Do you have any mentors and if so; who are they and what did you take away from them?
My Mother, Tom Spicer, Susan Spicer, Sharon Hage, Thomas Keller, Bill Bounds….. I’ve never personally met TK but the others have given me more guidance and knowledge than you could ever image.. I’m truly blessed.
If you weren’t a chef what would you be doing?
Smoking a joint on the beach and surfing in Hawaii…. are you f-ing kidding me? What would you be doing?
Last day on Earth what city would you be in?
What would be your last meal?
Foie gras, huckleberries, white alba truffles, sauternes…. of course
Sommelier or Mixologist?
Neither… but I’m an enthusiast of both and dabble in both wine and cocktails… I like to drink and life is too short to drink cheap wine and crappy cocktails.
Sazarac. Make it a double!
What’s your signature dish? Or is there one dish that sums up your culinary career? I’m known for my gumbo. Have been my entire life. It’s the first dish I learned to cook with my momma and will always be my favorite.
What is food art to you? Where does your inspiration come from?
Food is art and is way more popular than I could have ever imagined when I got into this Industry. The inspiration behind everything I have accomplished has stemmed from my amazing mother. She is a badass.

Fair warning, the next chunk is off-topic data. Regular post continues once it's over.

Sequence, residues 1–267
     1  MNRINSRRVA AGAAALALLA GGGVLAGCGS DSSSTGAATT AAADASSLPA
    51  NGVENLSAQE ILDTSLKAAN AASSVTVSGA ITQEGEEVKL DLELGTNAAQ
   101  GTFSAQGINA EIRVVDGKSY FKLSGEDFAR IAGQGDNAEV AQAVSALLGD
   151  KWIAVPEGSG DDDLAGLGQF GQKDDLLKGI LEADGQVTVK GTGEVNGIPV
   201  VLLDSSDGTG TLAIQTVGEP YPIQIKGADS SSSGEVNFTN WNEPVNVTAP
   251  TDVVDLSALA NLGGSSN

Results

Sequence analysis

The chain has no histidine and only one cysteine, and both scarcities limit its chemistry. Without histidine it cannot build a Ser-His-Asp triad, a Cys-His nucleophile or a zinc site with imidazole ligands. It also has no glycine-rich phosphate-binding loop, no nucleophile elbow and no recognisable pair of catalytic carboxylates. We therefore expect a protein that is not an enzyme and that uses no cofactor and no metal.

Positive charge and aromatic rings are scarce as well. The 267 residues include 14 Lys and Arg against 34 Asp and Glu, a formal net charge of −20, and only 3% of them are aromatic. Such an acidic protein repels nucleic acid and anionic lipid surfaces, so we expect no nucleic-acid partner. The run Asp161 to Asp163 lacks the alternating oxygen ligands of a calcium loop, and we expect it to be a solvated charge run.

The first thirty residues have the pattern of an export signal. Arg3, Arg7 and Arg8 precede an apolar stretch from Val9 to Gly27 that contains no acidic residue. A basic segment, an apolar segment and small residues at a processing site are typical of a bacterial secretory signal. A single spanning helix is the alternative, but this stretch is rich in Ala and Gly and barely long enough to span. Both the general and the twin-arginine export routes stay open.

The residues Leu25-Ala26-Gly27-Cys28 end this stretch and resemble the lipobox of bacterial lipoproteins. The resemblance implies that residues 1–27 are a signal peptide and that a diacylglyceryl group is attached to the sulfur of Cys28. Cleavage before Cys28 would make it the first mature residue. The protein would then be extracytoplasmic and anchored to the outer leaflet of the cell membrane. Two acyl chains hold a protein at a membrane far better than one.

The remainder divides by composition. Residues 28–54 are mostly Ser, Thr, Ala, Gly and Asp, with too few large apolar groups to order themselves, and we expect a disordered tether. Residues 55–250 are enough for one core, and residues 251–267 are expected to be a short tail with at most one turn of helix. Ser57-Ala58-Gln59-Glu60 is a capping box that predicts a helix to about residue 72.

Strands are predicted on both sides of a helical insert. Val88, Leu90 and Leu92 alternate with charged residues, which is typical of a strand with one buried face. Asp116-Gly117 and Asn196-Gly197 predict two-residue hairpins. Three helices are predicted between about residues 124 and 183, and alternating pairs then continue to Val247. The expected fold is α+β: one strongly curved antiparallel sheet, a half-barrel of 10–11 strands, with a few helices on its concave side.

How do you think the glamorization chefs have changed to industry?
It’s definitely become a TV hit series these days…. maybe I will create a show one day and cuss people out, throw shit at the camera, and smoke a joint…. I think it’s funny that people watch that crap… I’d rather watch Bourdain, House of Cards, or Blacklist….
Working on any new projects? Future plans?
I have two new companies in the works… no details… just watch!
Is there a patron that is on your wish list for your underground dinners or restaurant?
Ken Griffey Jr.
Do you work with any non-profits or benefits?
Family Compass and The Agape Clinic
What’s a kitchen gadget/tool that you couldn’t live without?
A sharp knife is obvious… but my tasting spoon might be the most important.
Your favorite creole dish?
A cup of gumbo and a messy roast beef poboy
Farm-to-table or burger joint?
Farm-to-table…. I worked with the best Farmer Texas ever had… I saw him single-handedly create the movement… God bless Tom Spicer and all the hard work he put in from seed to plate.